New York City Council Districts Continue to See Increasing Asian Populations
New York, NY—In the run-up to the November 2017 elections for New York City Council, the Asian American Federation is releasing a briefing paper that details the Asian population, ethnic breakdowns and the major Asian languages spoken in each of the 51 Council Districts. Of the nine open seats, four are in districts where Asians represent more than 10 percent of the citizen voting-age population.
“Our briefing paper highlights the growth and increasing diversity of the Asian population in New York City,” said Howard Shih, Research and Policy Director at the Federation. “While a generation ago Asians were concentrated in ethnic enclaves, Asians are now spread through the city and becoming increasing larger portion of the electorate.”
The key findings of the briefing paper highlight the significant opportunities and challenges of increasing civic engagement in Asian communities of New York City:
Asians represent a large share of the citizen voting-age population. One district (District 20 which includes Flushing, Murray Hill and Queensboro Hill) already has an Asian majority citizen voting-age population. Twenty other districts have more than one in ten voting-age citizens who were Asian. Despite their increasing numbers, Asians have not yet fully engaged in the civic life of the city.
Disaggregating overall Asian data is important to reveal the different settlement patterns of Asian ethnic groups. Different districts have different concentrations of Asian ethnic groups. From Southeast Asian and Bangladeshi communities in Bronx Council Districts to the Korean communities of northeastern Queens, this data allows for better targeted constituent services and civic engagement strategies.
The diversity of Asian languages spoken in the city is a particular challenge when reaching out to the community. Knowledge about the Asian languages spoken in each City Council District allows city council staff to identify which languages require the most support in a particular district. It also allows organizations dedicated to increasing Asian civic engagement to identify where language resources are needed.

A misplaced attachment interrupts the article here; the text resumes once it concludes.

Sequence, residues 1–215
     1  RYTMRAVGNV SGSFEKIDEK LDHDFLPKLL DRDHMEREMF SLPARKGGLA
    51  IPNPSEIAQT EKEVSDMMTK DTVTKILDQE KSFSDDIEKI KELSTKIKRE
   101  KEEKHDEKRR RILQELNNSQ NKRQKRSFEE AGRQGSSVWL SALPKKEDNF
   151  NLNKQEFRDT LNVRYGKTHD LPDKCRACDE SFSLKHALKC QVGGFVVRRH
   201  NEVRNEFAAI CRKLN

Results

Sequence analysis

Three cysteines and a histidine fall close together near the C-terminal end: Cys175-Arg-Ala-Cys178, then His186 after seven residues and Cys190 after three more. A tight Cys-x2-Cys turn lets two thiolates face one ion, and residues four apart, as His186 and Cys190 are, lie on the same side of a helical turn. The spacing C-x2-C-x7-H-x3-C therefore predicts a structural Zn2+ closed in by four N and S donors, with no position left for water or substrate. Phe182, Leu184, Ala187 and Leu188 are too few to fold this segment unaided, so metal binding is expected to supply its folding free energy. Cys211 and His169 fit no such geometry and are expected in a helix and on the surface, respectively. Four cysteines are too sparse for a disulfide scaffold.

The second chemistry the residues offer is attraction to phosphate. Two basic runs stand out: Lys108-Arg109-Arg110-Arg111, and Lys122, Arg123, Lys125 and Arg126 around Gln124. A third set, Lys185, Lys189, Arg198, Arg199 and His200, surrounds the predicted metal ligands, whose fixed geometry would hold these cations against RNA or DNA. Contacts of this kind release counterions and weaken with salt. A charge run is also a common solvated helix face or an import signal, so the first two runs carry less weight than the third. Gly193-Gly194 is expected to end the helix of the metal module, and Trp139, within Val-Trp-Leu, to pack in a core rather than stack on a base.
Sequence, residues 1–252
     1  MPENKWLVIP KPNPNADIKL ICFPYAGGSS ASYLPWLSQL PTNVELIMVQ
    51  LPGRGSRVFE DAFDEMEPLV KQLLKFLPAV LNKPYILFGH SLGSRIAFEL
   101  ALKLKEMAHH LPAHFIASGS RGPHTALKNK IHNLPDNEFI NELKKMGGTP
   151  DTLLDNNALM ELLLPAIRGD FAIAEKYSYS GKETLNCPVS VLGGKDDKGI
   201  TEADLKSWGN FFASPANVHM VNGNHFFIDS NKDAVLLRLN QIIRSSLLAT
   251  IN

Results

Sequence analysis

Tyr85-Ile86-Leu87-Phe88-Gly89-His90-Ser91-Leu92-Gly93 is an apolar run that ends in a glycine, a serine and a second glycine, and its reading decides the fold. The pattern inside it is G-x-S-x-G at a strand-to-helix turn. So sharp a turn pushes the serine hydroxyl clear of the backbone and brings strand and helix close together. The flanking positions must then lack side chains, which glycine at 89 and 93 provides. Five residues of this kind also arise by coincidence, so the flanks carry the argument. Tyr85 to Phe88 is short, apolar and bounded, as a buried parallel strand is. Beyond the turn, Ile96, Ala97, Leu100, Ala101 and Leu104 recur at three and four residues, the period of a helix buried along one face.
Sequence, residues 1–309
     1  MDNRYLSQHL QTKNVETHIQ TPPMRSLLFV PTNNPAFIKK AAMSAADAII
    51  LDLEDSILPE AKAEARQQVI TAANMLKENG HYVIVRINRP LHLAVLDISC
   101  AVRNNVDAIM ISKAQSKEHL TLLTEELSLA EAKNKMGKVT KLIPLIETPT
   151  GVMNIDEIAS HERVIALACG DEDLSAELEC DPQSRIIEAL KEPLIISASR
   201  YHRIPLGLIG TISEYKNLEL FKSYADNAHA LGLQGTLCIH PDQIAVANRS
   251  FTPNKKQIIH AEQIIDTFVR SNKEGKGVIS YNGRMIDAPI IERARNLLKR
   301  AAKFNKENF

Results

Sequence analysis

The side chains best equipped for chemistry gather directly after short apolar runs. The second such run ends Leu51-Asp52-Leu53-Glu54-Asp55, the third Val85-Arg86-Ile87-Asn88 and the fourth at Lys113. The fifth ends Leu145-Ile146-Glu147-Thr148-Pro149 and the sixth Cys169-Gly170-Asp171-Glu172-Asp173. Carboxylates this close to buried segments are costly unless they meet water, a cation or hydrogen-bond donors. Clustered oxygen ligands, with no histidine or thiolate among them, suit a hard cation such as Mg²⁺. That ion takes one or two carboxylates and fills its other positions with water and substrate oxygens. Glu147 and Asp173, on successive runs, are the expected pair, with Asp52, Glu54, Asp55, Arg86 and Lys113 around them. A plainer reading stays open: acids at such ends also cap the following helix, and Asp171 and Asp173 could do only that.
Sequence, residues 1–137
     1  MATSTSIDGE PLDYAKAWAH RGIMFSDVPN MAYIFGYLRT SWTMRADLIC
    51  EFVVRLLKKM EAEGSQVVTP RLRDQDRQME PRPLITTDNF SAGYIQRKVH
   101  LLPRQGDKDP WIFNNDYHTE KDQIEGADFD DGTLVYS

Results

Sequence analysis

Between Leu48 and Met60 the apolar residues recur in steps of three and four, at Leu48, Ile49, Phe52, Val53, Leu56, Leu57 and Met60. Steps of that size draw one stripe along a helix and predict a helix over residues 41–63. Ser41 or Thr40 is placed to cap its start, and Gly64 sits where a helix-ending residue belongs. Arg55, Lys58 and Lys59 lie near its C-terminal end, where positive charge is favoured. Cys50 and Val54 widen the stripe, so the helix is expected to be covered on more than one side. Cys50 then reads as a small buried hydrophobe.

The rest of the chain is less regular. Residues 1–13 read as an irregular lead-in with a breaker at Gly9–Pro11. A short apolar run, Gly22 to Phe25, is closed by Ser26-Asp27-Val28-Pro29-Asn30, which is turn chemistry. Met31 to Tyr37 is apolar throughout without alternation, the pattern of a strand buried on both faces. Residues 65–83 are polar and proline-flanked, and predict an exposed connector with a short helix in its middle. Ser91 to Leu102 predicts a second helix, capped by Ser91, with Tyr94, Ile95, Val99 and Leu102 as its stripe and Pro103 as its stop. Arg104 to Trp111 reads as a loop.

Council Member Peter Koo of District 20 states, “For far too long, the needs of Asians in America have been lumped together as if all Asians were a homogenous group facing the same challenges, but this report shows just how varied NYC Asian populations are. As the Council Member representing the largest Asian population in NYC, the largest percentage of Asian immigrants, the only district where the majority of voters are Asian, the largest number of Chinese and Korean speakers, and second largest number of Guajarati speakers, I am proud of how far our community has come, and look forward to working with the Asian American Federation and our community partners to meet the needs of all of our diverse communities.”
“In response to an increasingly anti-immigrant political climate, the growing Asian American electorate is committed to leveraging their political power and ensuring their voices are heard,” says Council Member Margaret S. Chin, the first Chinese American to represent Chinatown through District 1 on the Council. “As a long-time advocate who has worked to open the democratic process to more Asian Americans and immigrants, I thank the Asian American Federation for highlighting the opportunities through which our City can continue to foster political participation for the Asian American community. Now more than ever, the strength of our local democracy is contingent on ensuring every New Yorker is included in the political process.”
“Asian Americans are a vibrant and growing piece of the fabric that makes up our city,” says Council Member Daniel Dromm of District 25 encompassing Elmhurst and Jackson Heights. “I represent one of the largest Asian populations in NYC and am heartened to see that the number of civically-engaged Asian adults in my district is higher than ever. I applaud the Asian American Federation for releasing this important report. The information contained within it helps elected officials become better public servants. I take this opportunity to renew my commitment to serving my Asian constituents.”
Council Member Julissa Ferreras-Copeland states, “The Asian community in Council District 21 (East Elmhurst, Elmhurst, Jackson Heights, and Corona) has been steadily increasing, they own homes, businesses, and have growing families with seniors and young children. Their growth increases the need to provide them with senior services, language access and other resources. I thank the Asian American Federation for their important work advocating for its community and arming legislators with the tools we need to better serve them. This Council is committed to supporting immigrants and culturally-sensitive programming, and we look forward to our continued partnership.”
The briefing paper may be downloaded at: www.aafederation.org/cic/briefs/2017citycouncilbrief.pdf
CONTACT: Jo-Ann Yoo